The effect of relentless monitoring and grading on teaching writing: An example from two South African schools select="/dri:document/dri:meta/dri:pageMeta/dri:metadata[@element='title']/node()"/>

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dc.contributor.author Julius, Lukas H.
dc.date.accessioned 2016-11-10T09:46:02Z
dc.date.available 2016-11-10T09:46:02Z
dc.date.issued 2015
dc.identifier.citation Julius, H.L. (2015). The effect of relentless monitoring and grading on teaching writing: an example from two South African schools. Namibia CPD Journal for Educators, 2(1), 65-75. en_US
dc.identifier.issn 2026-772X
dc.identifier.uri http://hdl.handle.net/11070/1872
dc.description.abstract This study investigated the way in which two Grade 5 teachers employed at different primary schools in the Eastern Cape province of South Africa taught writing to their English first additional language (EFAL) learners. A qualitative interpretive approach was used to identify factors that shape the ways these teachers handle the teaching of writing. Data collection methods consisted of interviews, classroom observations and document analysis. Analysis of the data reveals that both teachers focused primarily on ensuring that their learners completed their written work so that it could be marked and graded in response to demands from their superiors, rather than on engaging deeply with the processes of writing (brainstorming, drafting, revising etc). Not only does this run counter to the writing pedagogy recommended in the Curriculum and Assessment Policy Statements (CAPS), but it also denies learners the scaffolding needed to help them develop the self-regulation skills needed to become independent writers. These findings demonstrate the need for assisting teachers to shift away from focusing only on learners’ performance (testing and grading) towards a stronger emphasis on the process of writing. This would require that teachers develop a deeper understanding of the process/genre approaches to teaching writing advocated by CAPS. en_US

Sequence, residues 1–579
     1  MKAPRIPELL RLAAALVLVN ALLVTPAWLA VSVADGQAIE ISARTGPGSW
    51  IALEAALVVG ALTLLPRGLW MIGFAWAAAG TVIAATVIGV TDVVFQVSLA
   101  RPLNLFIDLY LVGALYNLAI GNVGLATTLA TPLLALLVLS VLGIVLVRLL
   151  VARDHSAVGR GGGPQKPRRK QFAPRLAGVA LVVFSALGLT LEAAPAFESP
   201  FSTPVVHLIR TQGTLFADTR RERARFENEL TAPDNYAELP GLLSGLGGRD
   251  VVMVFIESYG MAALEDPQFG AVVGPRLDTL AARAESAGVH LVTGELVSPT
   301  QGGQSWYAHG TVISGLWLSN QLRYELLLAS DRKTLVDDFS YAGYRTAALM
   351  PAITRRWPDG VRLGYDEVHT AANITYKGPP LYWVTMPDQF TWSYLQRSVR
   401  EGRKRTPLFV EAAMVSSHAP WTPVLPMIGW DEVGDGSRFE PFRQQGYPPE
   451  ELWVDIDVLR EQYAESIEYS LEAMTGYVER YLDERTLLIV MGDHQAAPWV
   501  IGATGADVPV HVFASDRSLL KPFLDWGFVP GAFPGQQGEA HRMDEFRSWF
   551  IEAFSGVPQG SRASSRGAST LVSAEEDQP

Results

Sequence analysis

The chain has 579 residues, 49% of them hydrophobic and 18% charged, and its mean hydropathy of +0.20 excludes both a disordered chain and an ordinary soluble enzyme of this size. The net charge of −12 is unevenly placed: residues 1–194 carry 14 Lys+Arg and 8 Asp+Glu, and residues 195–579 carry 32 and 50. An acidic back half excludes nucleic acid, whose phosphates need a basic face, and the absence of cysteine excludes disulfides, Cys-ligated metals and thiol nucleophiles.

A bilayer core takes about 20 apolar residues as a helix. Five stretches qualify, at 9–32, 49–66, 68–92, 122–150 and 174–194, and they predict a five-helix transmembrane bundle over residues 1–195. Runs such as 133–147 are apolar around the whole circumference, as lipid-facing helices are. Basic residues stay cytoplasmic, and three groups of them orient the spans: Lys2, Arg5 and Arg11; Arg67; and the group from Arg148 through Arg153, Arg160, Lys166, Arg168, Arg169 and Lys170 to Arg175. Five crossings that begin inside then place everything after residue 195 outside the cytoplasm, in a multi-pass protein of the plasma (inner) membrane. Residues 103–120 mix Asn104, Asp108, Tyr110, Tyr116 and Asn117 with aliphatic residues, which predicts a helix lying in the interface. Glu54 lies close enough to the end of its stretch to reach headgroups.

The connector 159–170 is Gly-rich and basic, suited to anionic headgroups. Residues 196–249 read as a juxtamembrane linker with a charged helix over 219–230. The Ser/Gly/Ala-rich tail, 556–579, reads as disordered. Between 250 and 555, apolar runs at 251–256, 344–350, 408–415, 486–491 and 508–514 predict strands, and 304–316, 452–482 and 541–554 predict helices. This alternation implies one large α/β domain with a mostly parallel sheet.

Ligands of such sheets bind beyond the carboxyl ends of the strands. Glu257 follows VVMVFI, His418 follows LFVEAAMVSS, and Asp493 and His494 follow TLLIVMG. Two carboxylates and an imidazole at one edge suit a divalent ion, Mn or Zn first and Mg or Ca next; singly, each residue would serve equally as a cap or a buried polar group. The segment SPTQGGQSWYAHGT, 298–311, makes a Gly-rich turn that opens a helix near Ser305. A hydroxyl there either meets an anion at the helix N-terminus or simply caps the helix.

dc.language.iso en en_US
dc.publisher University of Namibia en_US
dc.subject Relentless monitoring en_US
dc.subject Grading en_US
dc.subject Teaching writing en_US
dc.title The effect of relentless monitoring and grading on teaching writing: An example from two South African schools en_US
dc.type Article en_US


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